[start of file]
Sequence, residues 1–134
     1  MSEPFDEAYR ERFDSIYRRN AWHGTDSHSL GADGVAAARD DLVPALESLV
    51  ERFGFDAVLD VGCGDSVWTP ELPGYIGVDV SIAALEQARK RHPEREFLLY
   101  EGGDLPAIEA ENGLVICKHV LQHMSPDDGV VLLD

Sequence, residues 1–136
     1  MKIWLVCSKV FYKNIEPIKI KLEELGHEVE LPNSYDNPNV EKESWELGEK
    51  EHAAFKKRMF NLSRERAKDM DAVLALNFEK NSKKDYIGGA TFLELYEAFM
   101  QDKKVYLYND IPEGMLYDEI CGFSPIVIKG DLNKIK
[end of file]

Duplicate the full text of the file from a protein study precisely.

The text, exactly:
Sequence, residues 1–134
     1  MSEPFDEAYR ERFDSIYRRN AWHGTDSHSL GADGVAAARD DLVPALESLV
    51  ERFGFDAVLD VGCGDSVWTP ELPGYIGVDV SIAALEQARK RHPEREFLLY
   101  EGGDLPAIEA ENGLVICKHV LQHMSPDDGV VLLD

Sequence, residues 1–136
     1  MKIWLVCSKV FYKNIEPIKI KLEELGHEVE LPNSYDNPNV EKESWELGEK
    51  EHAAFKKRMF NLSRERAKDM DAVLALNFEK NSKKDYIGGA TFLELYEAFM
   101  QDKKVYLYND IPEGMLYDEI CGFSPIVIKG DLNKIK